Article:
Volodymyr Zelenskyy said his top military commanders pledged to continue defending the beleaguered eastern city of Bakhmut in the face of intense Russian pressure.
THE Ukrainian The president said the generals had agreed in a meeting to strengthen the defenses and that the senior brass would “find the appropriate forces to help our guys” there.
It comes as footage circulating on social media purports to show an unarmed Ukrainian POW being shot and executed by Russian troops.
Putin ‘doubles down’ on avoiding unrest in Russia – latest war updates
The man in Ukrainian uniform smokes a cigarette and says “Glory to Ukraine” before a hail of bullets is fired at him.
Ukrainian Foreign Minister Dmytro Kuleba called the video “horrifying” and said it was further proof that the war was “genocidal”.
He called on the International Criminal Court to open an immediate investigation into the alleged shooting, calling it a “war crime” and adding that its perpetrators “must be brought to justice”.
Mr Zelensky said his advisers had unanimously agreed to continue the fight at Bakhmut and “not to retreat” despite Russia’s six-month attempt to capture him and the thousands of his soldiers who lost their lives in the process.
Moscow targeted the beleaguered city of Donbass with heavy bombardment in a three-way assault, but its forces were unable to deliver a knockout blow that would allow them to seize it and finish off the resistance.
A few days ago, one of Mr Zelenskyy’s advisers admitted that Ukrainian troops might have to retreat and fall back to nearby positions.
But on Monday, the president’s top adviser, Mykhailo Podolyak, said the forces had crushed the invaders, reinforced their positions and trained tens of thousands of troops for a possible counteroffensive.
The city’s importance is mostly symbolic as analysts say it is not strategically essential in the war and capturing Russia would be unlikely to mark a turning point. But that would mean President Vladimir Putin could bring good news to his people back home.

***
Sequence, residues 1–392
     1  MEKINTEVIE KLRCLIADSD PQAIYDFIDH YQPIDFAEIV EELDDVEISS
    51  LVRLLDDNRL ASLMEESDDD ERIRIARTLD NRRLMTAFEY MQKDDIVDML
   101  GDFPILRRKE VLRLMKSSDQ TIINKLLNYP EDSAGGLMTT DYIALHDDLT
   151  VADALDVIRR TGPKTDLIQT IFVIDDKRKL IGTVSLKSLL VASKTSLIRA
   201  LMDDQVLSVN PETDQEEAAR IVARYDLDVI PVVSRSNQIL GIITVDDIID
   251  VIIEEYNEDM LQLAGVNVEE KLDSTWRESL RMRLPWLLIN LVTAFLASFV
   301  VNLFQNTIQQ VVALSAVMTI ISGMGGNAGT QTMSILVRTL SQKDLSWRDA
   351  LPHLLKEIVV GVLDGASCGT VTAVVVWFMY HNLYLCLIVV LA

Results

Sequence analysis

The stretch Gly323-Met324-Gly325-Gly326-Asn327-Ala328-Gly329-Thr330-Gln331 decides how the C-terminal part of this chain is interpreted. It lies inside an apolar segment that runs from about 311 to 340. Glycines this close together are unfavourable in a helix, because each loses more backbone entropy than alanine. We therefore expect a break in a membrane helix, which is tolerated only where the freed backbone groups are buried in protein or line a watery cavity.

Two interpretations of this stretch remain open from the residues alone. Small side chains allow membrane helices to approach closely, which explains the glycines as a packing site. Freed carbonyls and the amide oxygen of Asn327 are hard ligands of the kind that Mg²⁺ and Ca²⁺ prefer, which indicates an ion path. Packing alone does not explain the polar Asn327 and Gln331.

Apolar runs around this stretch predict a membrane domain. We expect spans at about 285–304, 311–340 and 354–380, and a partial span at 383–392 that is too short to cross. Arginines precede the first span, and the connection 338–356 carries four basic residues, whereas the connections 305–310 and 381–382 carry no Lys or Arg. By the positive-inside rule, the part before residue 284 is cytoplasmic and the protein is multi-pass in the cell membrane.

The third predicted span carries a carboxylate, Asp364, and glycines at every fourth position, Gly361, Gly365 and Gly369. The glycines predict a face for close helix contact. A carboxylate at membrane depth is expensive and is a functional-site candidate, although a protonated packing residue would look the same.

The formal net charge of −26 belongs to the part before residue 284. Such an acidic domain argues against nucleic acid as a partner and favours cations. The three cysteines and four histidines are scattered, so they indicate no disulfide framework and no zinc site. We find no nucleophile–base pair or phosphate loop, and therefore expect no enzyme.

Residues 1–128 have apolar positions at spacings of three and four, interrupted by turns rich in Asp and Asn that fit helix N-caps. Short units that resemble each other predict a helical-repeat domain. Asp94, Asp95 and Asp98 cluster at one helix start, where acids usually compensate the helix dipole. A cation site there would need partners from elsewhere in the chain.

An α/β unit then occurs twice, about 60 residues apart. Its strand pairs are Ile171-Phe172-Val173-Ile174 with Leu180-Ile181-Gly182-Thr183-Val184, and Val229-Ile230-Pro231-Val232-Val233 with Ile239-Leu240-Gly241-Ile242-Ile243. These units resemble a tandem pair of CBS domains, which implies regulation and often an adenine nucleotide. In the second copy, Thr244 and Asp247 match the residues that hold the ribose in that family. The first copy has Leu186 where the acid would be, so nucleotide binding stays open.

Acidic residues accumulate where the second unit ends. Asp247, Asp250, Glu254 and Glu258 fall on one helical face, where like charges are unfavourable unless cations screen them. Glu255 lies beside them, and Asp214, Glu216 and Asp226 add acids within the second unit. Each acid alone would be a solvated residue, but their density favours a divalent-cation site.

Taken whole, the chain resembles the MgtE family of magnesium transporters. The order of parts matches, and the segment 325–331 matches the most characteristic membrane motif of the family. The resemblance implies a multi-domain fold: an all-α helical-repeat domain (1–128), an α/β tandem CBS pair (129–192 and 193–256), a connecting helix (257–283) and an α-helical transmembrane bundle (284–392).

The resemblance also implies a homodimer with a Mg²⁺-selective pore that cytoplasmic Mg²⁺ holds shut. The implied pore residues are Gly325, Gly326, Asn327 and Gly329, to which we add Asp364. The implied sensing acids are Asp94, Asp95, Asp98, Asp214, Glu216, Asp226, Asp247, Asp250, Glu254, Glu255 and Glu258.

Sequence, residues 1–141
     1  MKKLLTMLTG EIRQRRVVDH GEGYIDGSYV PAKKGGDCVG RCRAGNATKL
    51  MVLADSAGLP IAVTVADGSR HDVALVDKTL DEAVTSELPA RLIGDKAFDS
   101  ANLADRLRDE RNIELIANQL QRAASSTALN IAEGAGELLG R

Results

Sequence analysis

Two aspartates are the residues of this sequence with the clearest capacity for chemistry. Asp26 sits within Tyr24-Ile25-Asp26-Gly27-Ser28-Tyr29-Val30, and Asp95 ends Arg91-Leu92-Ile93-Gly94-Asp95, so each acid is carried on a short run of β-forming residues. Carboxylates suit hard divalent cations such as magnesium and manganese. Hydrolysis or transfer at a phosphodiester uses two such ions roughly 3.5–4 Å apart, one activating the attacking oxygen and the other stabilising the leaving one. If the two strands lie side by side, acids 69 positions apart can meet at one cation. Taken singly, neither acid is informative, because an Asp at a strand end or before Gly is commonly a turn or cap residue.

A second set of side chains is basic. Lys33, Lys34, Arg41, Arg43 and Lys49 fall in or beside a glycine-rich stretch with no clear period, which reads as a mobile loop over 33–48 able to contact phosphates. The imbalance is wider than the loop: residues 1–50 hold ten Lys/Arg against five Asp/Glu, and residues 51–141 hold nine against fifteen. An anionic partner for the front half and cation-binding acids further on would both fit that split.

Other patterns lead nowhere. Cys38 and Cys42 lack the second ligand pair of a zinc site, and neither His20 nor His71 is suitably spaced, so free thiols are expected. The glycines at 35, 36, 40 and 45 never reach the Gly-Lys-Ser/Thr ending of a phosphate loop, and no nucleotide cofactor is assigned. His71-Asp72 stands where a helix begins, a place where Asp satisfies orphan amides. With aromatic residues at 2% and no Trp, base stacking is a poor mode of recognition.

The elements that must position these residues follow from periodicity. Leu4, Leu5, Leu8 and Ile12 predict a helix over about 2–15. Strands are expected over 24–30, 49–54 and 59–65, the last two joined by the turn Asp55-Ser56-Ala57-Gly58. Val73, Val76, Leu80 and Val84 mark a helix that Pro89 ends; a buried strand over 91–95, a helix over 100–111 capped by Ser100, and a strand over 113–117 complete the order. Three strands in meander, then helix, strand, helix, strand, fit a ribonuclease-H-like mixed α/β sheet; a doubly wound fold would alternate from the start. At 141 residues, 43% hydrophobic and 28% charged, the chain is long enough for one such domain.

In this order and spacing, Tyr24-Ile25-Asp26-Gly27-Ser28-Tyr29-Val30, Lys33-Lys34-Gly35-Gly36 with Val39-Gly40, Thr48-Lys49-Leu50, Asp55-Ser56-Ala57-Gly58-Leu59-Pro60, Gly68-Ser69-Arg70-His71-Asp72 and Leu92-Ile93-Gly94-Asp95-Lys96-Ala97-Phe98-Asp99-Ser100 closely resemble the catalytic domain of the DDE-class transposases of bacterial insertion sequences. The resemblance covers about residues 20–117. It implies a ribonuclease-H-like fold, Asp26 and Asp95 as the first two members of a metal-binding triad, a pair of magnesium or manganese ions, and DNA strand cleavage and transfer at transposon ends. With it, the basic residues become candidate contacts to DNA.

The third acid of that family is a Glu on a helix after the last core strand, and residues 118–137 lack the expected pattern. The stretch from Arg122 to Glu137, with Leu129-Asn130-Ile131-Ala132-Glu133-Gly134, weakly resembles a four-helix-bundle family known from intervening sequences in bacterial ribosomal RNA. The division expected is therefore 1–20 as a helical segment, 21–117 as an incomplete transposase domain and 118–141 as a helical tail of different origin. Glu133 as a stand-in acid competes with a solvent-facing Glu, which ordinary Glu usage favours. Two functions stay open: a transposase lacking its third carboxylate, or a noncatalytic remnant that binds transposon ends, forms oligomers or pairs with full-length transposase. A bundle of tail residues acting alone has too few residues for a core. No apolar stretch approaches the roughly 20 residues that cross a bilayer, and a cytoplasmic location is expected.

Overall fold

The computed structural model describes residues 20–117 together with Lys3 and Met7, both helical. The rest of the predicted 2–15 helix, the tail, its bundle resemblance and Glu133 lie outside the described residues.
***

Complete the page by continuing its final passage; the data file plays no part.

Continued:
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However, the Battle of Bakhmut exposed Russian military shortcomings and bitter divisions.
Yevgeny Prigozhin, the millionaire owner of the Wagner mercenary group that led the Bakhmut offensive, has been at odds with Russia’s Defense Ministry for months, accusing it of deliberately depriving its men of ammunition – an allegation he rejects.
On Friday, Mr Prigozhin said his units had “virtually surrounded Bakhmut”.
But in a video posted on Saturday, he warned: “If Wagner withdraws from Bakhmut now, the whole front will collapse. The situation will not be smooth for all military formations protecting Russian interests.”
And on Monday he admitted that Ukraine had been building up its own forces in surrounding towns and regions in an attempt to drive Wagner out of Bakhmut and that he needed help to take the town for Russia.
“I am knocking on all doors and sounding the alarm about ammunition and reinforcements, as well as the need to cover our flanks,” Prigozhin said in a statement released by his press service.
“If everyone coordinates, without ambition, without confusion or tantrums, and does this job, then we will block the Ukrainian armed forces. Otherwise, everyone will be screwed.”
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Meanwhile, Mr Putin is delaying an announcement of a second mobilization amid fears of unrest in Russia, according to the US think tank Institute for the Study of War (ISW).
Last September, Mr Putin ordered a partial mobilization in Russia in what appeared to be an admission that Moscow’s war in Ukraine was not going to be planned.
Defense Minister Sergei Shoigu said at the time that Russia would recruit 300,000 reservists.
However, the ISW said Mr Putin had “delayed announcing the second wave of mobilization since January and would have doubled down on his ‘silent mobilization’ to avoid generating possible unrest in Russia”.